The history of the Weimar Republic teaches that real estate prices offered only limited protection against hyperinflation and only if one was living in his own home. Maintaining a house during periods of high inflation becomes very expensive due to constantly rising material cost. Of course a house usually survives a currency crisis whereas cash in a bank account does not.
In 1922 apartment rental prices were capped by the government and adjusted for inflation, rentals were only a fraction of what they had been before WWI. Consequently house prices were falling. However, rates and taxes on real estate sales were raised.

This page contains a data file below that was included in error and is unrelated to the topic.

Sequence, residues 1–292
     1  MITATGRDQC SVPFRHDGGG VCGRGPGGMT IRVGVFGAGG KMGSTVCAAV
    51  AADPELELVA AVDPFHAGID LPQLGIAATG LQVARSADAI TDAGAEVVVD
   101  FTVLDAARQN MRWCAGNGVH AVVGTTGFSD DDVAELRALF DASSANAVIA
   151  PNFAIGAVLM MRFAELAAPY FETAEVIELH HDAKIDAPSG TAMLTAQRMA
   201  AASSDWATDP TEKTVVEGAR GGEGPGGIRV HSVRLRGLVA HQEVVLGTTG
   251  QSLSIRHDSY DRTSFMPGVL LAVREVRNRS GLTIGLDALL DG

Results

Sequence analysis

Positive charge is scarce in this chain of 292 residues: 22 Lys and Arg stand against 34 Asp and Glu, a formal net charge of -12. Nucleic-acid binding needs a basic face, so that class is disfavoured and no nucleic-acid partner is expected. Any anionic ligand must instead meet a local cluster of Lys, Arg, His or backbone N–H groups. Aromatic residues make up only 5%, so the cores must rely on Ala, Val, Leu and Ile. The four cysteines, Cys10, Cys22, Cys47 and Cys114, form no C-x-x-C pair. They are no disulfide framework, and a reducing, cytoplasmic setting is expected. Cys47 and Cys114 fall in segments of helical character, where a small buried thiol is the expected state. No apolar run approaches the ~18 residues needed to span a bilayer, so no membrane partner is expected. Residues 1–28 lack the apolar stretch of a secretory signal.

- Berlin raised the capital gains tax on real estate sales to 30%.
- In July 1924 home prices had dropped about 80% since 1918.
- From about 1935 to 1950 rental prices were “frozen”
- In 1952 “debt profiteers” had to pay a “mortgage gains tax”
RE offers wealth preservation in a currency crises, albeit one must be able to pay for maintenance and government levies and taxes. Moreover I assume that RE prices in a hyperinflation scenario are not increasing as much as gold and silver, if at all.